To go or to stay? 0
Growing up in the small southwestern Ontario town of Wiarton, I couldn’t wait to get out and see the world.
Part of youth culture was to daydream of the city; envision living in a condo on Front Street in Toronto, going to coffee shops and attending concerts and generally being urban.
To endeavour to stay was frowned upon.
And the older you got, the more moving made sense.
Want to go to university or college? You’ll need to go to the city.
Want to find a good paying job? Far more of those in the city, too.
These cultural norms nearly expel young people from small towns, draining rural areas of new ideas, young workers and families that can grow an economy.
They also jeopardize the success of rural youth.
According to a backgrounder by TYPS (Town Youth Participation Strategies), at least 40 per cent of homeless youth in cities have migrated there from rural Canada.
For those who don’t end up homeless, there is the heavy burden of postsecondary education debt (sitting at an average of $37,000 per student in Ontario) that makes moving back to their hometowns much harder.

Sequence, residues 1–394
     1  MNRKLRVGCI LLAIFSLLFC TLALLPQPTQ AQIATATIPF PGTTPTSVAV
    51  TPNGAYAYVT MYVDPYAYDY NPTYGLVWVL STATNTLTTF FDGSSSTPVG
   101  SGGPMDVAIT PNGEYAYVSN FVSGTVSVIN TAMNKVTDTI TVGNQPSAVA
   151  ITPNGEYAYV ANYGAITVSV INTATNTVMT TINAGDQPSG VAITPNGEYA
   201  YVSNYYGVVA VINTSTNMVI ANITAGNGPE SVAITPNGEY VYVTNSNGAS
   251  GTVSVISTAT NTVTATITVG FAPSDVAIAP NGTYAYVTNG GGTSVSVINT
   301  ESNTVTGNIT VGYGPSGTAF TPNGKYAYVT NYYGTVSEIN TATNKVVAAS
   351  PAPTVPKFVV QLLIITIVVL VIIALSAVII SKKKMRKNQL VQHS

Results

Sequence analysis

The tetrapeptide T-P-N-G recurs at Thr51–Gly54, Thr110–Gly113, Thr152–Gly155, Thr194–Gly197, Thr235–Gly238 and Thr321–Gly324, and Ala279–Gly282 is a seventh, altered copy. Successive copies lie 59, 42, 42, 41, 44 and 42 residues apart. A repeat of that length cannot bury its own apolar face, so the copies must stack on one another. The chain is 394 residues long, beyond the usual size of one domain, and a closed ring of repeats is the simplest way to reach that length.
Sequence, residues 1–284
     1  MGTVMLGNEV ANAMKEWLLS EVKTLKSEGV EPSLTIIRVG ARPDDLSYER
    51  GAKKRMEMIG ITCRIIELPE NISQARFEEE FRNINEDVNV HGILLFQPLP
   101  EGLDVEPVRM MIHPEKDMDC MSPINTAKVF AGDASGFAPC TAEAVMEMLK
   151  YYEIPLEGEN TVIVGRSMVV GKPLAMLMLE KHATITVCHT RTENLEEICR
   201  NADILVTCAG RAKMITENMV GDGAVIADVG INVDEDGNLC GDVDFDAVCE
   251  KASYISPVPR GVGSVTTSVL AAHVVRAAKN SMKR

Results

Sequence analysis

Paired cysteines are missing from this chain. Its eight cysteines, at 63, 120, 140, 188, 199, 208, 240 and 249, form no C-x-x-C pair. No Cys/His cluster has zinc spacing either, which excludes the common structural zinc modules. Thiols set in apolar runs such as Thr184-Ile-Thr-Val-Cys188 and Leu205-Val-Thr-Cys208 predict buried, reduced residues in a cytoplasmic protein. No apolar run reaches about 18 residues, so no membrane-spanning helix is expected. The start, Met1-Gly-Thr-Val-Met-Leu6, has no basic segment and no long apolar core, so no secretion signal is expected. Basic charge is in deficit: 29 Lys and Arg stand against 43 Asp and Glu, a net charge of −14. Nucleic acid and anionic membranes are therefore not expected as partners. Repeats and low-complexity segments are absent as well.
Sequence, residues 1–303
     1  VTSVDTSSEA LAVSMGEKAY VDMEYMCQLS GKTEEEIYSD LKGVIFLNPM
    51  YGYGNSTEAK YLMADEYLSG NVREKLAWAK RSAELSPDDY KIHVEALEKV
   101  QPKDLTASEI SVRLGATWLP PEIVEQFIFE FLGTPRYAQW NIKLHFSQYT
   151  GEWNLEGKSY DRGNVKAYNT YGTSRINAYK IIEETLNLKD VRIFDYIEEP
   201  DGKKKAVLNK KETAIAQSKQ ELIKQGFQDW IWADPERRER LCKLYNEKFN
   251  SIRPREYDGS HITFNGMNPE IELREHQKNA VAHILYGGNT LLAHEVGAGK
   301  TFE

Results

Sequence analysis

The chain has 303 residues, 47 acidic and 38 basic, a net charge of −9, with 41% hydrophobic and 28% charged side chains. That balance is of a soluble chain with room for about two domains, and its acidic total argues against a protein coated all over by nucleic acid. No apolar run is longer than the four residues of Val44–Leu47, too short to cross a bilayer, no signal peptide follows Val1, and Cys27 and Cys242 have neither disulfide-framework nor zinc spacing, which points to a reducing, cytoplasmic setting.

A new study of rural youth is examining the issues related to leaving small towns for bigger cities and what happens to those who run into problems along the way.
It is important to our community and the thousands of others like it across the country.
And it just happens to be conducted by this county’s own Dr. Fay Martin, a researcher with a background in social work.
Martin is putting together one of the few studies of rural homelessness – a field normally dominated by the urban lens – called To Go or to Stay?
The results will be wide-ranging and potentially groundbreaking for the Haliburton Highlands.
In it, 60 youth will reflect on why they left or stayed and what could have been better for them along the way – information our county, businesses, educators, citizens and government alike, can reflect on.
The culture of leaving is alive and well amongst Haliburton’s youth.
Perhaps Martin’s study can be a first step in getting them back.
(To Go or to Stay? is looking for participants. See story on page 8.)